It must seem as though I’m obsessed with death, and perhaps I am. My brother passed away April 14, 2019, and I’m feeling him close as that day is on approach.
I’m still going through books. Today I re-enter Ken Wilber’s book, The Simple Feeling of Being: Embracing Your True Nature. Where I am in the book his beloved wife is dying of cancer. The following comes from the book Grace and Grit which I’ve also read. My father died in an accident when I was 19. Thinking about death is not new for me, and maybe it never was.
At one point, near the end of Ken Wilber’s wife’s life, they are in Germany, and he says though “Germany is closed on Sunday,” he enters a pub, where there are “perhaps a dozen men, somewhat elderly, maybe in their late sixties, rosy cheeks from years of starting the day with Kolsch”.
About half of the men – there are no women – are dancing together in a semicircle to what he calls authentic German bluegrass. He sits down at the bar, puts his head in his arms, and a drink appears which he drinks in one pull, and then another, and another. He continues drinking and crying.
The men invite him to dance with them. He refuses saying he speaks no German, but they keep tugging and gesturing looking like they want to help. Finally they entice him in, and he joins the men, “arms around those on both sides of me, moving back and forth, kicking our legs up every now and then. I start laughing, then I start crying, then laughing, then crying. I would like to turn away, to hide what is happening to me, but I am arm-and-shoulder into the semicircle. For about fifteen minutes I seem to lose all control over my emotions. Fear, panic, self-pity, laughter, joy, terror, feeling sorry for myself, feeling happy about myself – they all come rushing through me and show on my face, which embarrasses me, but the men keep nodding their heads, and smiling as if to tell me it’s all OK, young man, it’s all OK. Just keep dancing, young man, just keep dancing. You see? Like this ….”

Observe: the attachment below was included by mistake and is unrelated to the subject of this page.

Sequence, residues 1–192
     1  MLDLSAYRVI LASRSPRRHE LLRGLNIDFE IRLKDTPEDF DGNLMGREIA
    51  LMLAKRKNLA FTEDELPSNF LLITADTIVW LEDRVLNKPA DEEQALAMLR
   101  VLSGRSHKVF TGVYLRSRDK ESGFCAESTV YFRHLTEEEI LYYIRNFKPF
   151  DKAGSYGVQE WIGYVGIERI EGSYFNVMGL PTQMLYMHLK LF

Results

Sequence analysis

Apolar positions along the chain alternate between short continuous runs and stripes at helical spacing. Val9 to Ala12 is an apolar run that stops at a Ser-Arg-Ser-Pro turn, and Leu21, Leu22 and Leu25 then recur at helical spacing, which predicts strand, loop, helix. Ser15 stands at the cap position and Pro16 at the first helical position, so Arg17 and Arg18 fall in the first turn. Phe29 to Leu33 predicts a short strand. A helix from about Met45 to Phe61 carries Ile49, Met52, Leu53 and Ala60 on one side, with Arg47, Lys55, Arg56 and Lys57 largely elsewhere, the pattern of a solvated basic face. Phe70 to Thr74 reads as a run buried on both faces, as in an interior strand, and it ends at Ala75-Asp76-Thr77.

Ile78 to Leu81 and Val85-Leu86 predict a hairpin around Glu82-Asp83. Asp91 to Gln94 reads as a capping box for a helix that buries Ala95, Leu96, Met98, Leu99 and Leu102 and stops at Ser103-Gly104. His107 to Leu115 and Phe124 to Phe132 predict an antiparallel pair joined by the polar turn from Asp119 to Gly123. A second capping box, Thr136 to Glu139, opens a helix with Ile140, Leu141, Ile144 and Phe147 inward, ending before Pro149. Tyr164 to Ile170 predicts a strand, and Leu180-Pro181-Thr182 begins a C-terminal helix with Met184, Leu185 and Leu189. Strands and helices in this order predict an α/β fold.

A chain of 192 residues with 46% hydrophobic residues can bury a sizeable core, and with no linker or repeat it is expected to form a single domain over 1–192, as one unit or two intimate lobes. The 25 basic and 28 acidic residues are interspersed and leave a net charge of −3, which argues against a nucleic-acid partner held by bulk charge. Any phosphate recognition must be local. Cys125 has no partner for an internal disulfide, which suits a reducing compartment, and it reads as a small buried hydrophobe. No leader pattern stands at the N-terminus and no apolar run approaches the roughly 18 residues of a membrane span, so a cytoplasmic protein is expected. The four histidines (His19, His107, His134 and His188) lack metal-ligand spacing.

He stayed in the pub for two hours, dancing and drinking Kolsch. He came to peace, enough to carry on. He waved goodbye to the men who waved and kept dancing. He was never charged for the beer.
I’m reminded of Gabrielle Roth’s words:
“In many shamanic societies, if you came to a medicine person complaining of being disheartened, dispirited or depressed, they would ask one of four questions:
When did you stop dancing? When did you stop singing? When did you stop being enchanted by stories? When did you stop being comforted by the sweet territory of silence?
I’m not saying Ken Wilber didn’t have a fierce and tragic reason to be sad and depressed, but I love how dancing with these men brought him some relief. Maybe despite the warnings on touch right now, we need to join together and do the same.
When Ken’s wife knows it is time for her to go, he comforts her with phrases she carried on flash cards to carry her through.
“Relax with the presence of what is.”
“Allow the self to uncoil in the vast expanse of all space.”
“Your own primordial mind is unborn and undying; it was not born with this body and it will not die with this body. Recognize your own mind as eternally one with Spirit.”
And so it is. We find each other and connect, carrying love through our beautifully moving forms.
Dance the blossoms in Spring!